It is also well worth your time to have a practice management meeting with your management team and investment banker to walk through the slide deck and refine your responses to commonly asked or expected questions.  We do this in every transaction and it greatly improves our clients’ confidence and presentation.

This Meeting is Not a Negotiation

If the process is run properly and the setup to the meeting is well-managed, the buyer should understand that this is an information-gathering and assessment meeting, not a negotiation. Purchase price should not be a topic of discussion during this meeting. That discussion should take place between your investment banker and the buyer in the days following the management presentation and before the submission date of the buyers’ Letters-of-Intent.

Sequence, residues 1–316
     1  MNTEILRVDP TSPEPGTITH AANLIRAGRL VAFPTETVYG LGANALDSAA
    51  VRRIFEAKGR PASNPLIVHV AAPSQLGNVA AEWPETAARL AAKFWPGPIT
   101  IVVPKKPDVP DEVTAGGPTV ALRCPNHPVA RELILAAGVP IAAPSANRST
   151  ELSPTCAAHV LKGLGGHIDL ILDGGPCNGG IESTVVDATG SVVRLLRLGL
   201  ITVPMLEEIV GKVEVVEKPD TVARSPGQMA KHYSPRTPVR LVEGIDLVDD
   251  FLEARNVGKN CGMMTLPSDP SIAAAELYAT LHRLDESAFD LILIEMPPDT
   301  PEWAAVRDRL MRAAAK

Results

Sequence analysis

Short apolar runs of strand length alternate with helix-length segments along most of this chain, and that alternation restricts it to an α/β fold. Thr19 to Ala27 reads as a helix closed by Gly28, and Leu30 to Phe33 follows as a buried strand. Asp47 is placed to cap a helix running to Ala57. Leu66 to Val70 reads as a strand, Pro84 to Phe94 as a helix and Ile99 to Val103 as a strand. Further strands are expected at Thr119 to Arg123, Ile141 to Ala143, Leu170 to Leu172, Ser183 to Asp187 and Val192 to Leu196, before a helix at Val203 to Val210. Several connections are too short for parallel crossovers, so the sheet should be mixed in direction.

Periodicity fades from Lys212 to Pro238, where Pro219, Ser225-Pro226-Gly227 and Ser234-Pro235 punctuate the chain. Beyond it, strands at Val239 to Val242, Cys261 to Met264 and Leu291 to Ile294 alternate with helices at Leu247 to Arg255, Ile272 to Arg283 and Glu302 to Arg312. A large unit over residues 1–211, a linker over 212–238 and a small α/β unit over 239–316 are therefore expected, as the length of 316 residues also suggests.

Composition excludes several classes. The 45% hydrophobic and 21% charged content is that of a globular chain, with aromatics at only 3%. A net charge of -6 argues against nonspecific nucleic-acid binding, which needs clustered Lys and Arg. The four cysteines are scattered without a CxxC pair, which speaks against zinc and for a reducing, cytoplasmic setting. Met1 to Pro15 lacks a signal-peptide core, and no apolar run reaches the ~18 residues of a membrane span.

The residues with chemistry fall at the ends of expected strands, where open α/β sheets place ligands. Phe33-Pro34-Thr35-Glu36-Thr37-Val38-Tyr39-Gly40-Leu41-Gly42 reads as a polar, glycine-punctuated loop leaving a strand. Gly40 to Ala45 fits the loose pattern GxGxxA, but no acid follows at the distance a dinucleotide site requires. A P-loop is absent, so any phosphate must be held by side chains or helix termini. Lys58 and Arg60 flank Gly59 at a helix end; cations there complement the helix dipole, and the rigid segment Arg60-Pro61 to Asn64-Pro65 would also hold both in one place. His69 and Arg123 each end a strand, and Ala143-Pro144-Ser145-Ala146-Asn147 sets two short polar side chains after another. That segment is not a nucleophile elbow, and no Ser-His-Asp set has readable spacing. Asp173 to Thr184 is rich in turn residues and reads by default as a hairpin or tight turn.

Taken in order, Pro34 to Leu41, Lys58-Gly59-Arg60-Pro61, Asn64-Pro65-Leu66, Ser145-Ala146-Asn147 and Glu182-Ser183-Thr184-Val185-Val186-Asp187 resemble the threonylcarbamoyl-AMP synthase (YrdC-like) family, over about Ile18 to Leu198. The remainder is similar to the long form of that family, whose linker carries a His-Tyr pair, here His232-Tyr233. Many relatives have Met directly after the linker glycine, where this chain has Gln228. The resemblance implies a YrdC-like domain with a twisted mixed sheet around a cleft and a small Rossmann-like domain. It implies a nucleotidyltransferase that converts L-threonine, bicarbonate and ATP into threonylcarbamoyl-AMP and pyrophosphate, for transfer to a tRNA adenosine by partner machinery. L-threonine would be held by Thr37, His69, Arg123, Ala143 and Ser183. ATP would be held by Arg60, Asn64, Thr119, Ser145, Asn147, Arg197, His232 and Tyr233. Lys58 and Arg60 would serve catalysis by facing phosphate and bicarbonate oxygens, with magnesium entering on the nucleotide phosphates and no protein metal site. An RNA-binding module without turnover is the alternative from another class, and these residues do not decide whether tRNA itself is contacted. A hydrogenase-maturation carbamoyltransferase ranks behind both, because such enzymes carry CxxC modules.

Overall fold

Just as the buyer is interviewing you about your business, this is your opportunity to learn more about the buyer and their organization. Think of questions that you can ask the buyer, and be curious about their company:

  • How do you integrate businesses after you buy them?
  • Where will my business fit within your organization?
  • What are your plans for the employees?
  • Do you plan to consolidate operations?
  • What is your track record of closing deals?
  • Can I talk to business owners that have sold their companies to you in the past?

Management presentations are a critical component of selling a company and can cement a buyer’s interest in your company.  By preparing thoroughly and treating the meeting as a collaborative information exchange, you can help ensure a positive and productive meeting.

Want to learn more about management presentations or any other M&A topic.  Give us a call or send me an email:  SCOTT@CENTERPNT.COM .  We’d love to speak with you.